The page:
What’s the worst that can happen?

I’m going to be very careful about what I say here because I don’t want it to seem like an invitation to ignore your debt problem. The best way to deal with a debt problem is to actively make continuous, planned and balanced efforts to repay the debt. This way you can hold on to your credit score, your possessions and your financial reputation. On the other hand if you don’t want your debt to engulf your very being, then you need to again be balanced and realistic about the worst case scenario.

In the worst case scenario, if you fail in your battle with debt then this won’t be the end of your life. Yes the repercussions are not pleasant but you will still have the many good things we mentioned earlier. You will still have your life, your loved ones – If any of these leave you because you have made a few financial mistakes, then I’d ask myself whether they deserve to be in your life anyway – and you will still have a roof over your head and food to eat. (This is certainly the case in the UK anyway) You will also, after a period of time, have the ability to start your financial life over with a clean slate and if you learn your lesson then you won’t make the same mistakes again.

So be balanced in the amount of mental and emotional focus you give to your debt. Take it seriously enough so that you are able to make inroads and repay it, but don’t let it engulf you to the point where you forget or don’t give enough attention to the good things and the loved ones you have around you.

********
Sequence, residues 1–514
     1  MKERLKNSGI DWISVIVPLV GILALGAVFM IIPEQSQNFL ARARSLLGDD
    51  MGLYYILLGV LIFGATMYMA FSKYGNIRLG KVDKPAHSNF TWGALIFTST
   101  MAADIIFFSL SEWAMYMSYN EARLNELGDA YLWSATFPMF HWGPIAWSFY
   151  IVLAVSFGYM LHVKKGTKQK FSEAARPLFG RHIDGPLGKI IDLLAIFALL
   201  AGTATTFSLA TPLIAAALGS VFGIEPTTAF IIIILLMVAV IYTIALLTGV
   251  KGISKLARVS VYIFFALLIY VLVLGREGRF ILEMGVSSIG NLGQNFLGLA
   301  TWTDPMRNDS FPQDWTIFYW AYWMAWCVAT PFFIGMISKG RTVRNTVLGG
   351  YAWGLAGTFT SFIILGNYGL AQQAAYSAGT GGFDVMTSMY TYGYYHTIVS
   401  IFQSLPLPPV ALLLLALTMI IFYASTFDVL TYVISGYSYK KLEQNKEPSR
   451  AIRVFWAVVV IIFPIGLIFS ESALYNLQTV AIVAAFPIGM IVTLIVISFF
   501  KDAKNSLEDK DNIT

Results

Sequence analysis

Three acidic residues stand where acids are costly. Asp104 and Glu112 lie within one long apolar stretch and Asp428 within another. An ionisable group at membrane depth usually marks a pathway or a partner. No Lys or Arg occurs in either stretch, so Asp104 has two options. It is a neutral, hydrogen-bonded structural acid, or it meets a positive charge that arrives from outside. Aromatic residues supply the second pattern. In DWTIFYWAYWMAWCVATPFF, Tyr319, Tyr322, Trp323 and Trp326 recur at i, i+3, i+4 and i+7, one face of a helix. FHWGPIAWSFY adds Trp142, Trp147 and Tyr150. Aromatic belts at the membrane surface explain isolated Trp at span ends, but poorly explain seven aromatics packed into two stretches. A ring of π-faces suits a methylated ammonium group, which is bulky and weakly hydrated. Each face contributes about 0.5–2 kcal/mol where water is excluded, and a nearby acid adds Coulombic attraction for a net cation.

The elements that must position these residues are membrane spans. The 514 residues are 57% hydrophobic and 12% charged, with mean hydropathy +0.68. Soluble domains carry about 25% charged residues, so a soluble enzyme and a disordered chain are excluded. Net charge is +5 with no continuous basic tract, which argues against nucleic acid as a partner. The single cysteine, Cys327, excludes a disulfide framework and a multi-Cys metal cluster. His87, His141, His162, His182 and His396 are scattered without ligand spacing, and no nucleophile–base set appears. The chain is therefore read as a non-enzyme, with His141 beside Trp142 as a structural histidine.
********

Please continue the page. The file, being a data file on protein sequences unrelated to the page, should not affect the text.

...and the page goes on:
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18 Responses to Coping with the worry of debt

  1. You make an excellent point that even though debt is not a good thing, it should not run your life either. There needs to be balance. Great post!

  2. Krista says:

    Thank you for this post, I’m sure it hits home for a lot of financial bloggers (especially the get out of debt variety) because we spend so much energy into thinking of ways to get out of debt sooner that we can sometimes miss the whole point of getting out of debt. The point of getting out of debt is freedom, and if you have NO freedom in your attempt to get out then you’ll miss out years that could have added to your life fulfillment. I’m really saying this as much for myself as anyone else because I struggle with having any debt (I’m definitely the stay up at night thinking about debt type) and my husband consistently reminds me that having some debt and a good plan is not failure, just a step in the freedom process.

    • Adam Buller says:

      That’s really well put Krista. It may take some people 5 or 10 years to get out of debt and that’s a lot of life to miss out on if you allow it to mentally eat you up.

  3. Mark Ross says:

    Great tips Adam. I think one shouldn’t be affected by having too much debt.
    Just live the life you want but make sure that you don’t accumulate any more debt as you do it.

    • Adam Buller says:

      I agree Mark. I do think it’s important to make sacrifices and pay it back but that will take time so balance is everything.